Zola Jesus, or really, Nika Roza Danilova, who does most everything you hear on the band's records except play strings, is not an artist who sounds, or aspires to sound, "effortless." A diminutive young woman with an enormous voice, her songs hinge on the contrast between her earnest, solemn intensity and industrial and synth-pop elements that often veer into discordance. Conatus, the title of her second or third full-length record in three years (depending on how you're counting), is a Latin term used in metaphysics to describe the will to exist, to strive for betterment. That telegraphed effort might have been awkward if this wasn't clearly her best work. The instrumentation here—spare, beautiful strings and piano, comingling with the harsh texture of assorted broken robots—is an intriguing platform for the singing, which has all the confidence of big 80s pop. The record dabbles with other eras, "Vessel"'s glitchy undercurrent recalls Björk's career peak, Homogenic, for instance. From track to track, the most important through line is a well-defined sense of space; Danilova's voice soaring above comparatively minimal instrumentals, as if the few card tables it'd take to house the band's gear were placed in the middle of a huge, empty train station. It's Gothic like a cathedral, rather than "goth" like a gloomy mall kiosk.
Zola Jesus songs are less about slick hooks laid into verse-chorus-verse and more about a slow and deliberate tension building towards release. That continual climb to cathartic boom is what allowed her two 2010 releases to make such an impact within their slim run times. They felt bigger than slight EPs. At album length, there's the risk of emotional exhaustion. Songs as different as the throbbing synth-pop of "Hikikomori" and the chilly balladry of "Skin" take a similarly wrenching toll. Light and breezy, it is not. You sense that Danilova is still getting a handle on what shape her songs can take. The album's best, the evocatively titled "Lick the Palm of the Burning Handshake," subverts formula to swell effect. With its pretty piano loops and big, slow beats, the song initially has that same sense of momentum rising. A third of the way in it feels like every drum strike is somehow louder, more emphatic than the last. But instead of perpetually reaching for a higher structural peak, it leaps off halfway, hang-gliding down on a gust of gentle string arrangements. The record could use more of those counterintuitive zags. It's quite likely to be a crossover success both for Danilova, and dark local label Sacred Bones, who've not yet put out something with this sort of mainstream pop heft. It seems more like a starting point than a culmination though, and I'd hazard to guess that the best records are yet to come. With her youth, talent, and work-rate, it'd be a sort of shame if Conatus ended up as Zola Jesus' masterpiece, anyway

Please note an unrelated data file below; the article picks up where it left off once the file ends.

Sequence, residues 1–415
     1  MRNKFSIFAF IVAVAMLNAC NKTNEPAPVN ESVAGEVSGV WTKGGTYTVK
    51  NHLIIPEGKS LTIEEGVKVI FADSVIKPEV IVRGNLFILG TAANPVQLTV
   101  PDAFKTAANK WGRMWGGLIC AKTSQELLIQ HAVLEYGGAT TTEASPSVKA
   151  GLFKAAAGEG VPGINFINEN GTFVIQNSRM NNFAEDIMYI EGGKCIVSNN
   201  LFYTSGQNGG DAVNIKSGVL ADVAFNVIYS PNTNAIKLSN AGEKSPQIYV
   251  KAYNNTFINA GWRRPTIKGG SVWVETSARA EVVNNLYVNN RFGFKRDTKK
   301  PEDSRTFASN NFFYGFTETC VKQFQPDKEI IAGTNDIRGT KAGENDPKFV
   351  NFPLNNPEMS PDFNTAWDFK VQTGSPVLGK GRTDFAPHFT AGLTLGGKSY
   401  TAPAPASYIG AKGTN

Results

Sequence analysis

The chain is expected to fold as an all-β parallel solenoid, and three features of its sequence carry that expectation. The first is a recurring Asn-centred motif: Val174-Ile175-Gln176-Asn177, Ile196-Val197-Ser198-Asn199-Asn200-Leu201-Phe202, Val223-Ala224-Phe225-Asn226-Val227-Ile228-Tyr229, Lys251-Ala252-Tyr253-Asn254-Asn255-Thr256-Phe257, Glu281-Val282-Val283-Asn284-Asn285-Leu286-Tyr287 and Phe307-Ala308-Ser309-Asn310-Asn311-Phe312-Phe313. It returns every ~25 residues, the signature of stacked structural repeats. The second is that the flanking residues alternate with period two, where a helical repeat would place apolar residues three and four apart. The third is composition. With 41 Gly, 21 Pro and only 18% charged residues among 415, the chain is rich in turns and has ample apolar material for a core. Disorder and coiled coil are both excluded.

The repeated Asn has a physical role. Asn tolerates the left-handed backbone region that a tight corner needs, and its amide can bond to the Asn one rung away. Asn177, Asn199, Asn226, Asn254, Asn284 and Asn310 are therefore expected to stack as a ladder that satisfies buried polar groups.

Photo Angel Ceballos